Left untreated, HIV attacks the body’s immune system making the body vulnerable to infections and medical conditions that the immune system would be normally capable of controlling.

What is AIDS?

AIDS refers to the illnesses that can develop as a result of untreated HIV or in a person where current treatments have failed. People living with HIV in Australia may still develop AIDS, but this is now rare.

HIV is a chronic condition

HIV can affect anyone. While there is no vaccine or cure for HIV, there are highly effective treatments.

People with HIV take medications on a daily basis to maintain their HIV at an undetectable level and to keep them healthy.

Today, HIV is considered a chronic but manageable condition, and people with HIV can lead long and healthy lives, with a similar life expectancy to a person who does not have HIV.

How is HIV transmitted?

HIV may be present in blood, semen, vaginal fluid, menstrual fluid, rectal fluids, and in breast milk. It may be transmitted when such fluids from a person with HIV enters the body of a person without HIV during anal or vaginal sex where preventative measures are not used. HIV may also be transmitted through the sharing of needles or through unsterile tattooing and piercing processes.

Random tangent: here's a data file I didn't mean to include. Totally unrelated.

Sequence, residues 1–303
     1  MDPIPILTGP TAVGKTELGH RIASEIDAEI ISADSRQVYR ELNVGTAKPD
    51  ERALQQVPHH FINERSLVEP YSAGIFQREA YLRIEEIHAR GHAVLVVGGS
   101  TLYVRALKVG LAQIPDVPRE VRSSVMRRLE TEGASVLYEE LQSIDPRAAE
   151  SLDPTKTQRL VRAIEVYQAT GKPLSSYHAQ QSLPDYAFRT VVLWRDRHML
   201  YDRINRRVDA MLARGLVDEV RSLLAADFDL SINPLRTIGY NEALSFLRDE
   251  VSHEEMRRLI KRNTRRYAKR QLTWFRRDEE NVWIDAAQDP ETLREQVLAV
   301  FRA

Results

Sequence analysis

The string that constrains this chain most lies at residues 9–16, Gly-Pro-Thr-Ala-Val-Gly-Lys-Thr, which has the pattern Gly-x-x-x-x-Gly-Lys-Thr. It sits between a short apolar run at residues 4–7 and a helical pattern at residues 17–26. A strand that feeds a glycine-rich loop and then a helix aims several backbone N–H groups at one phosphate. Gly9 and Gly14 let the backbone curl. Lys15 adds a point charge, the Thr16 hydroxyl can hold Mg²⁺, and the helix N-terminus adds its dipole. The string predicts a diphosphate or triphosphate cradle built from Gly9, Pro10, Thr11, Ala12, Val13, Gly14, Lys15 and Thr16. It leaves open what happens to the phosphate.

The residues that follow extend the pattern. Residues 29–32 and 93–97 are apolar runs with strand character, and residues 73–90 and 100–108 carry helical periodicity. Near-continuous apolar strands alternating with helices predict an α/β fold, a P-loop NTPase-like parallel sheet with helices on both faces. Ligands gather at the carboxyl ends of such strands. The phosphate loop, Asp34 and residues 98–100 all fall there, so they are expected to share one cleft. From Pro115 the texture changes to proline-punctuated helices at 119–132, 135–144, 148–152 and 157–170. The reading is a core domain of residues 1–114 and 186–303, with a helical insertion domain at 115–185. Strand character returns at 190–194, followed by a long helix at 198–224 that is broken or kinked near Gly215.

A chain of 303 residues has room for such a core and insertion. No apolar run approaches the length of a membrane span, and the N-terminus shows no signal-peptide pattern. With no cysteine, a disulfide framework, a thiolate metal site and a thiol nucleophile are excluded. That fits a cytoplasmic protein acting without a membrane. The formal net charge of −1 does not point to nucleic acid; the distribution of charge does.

HIV is not an air-borne virus such as the flu. It cannot be passed on by hugging, kissing, shaking hands, coughing or sneezing, nor can it be transmitted through sharing toilets, washing facilities, eating utensils or consuming food and beverages handled by someone who has HIV.

How can you help prevent HIV transmission?

  • Practice safer sex, i.e. by using condoms with water-based lubricants
  • Take medication called Pre-Exposure Prophylaxis (PrEP)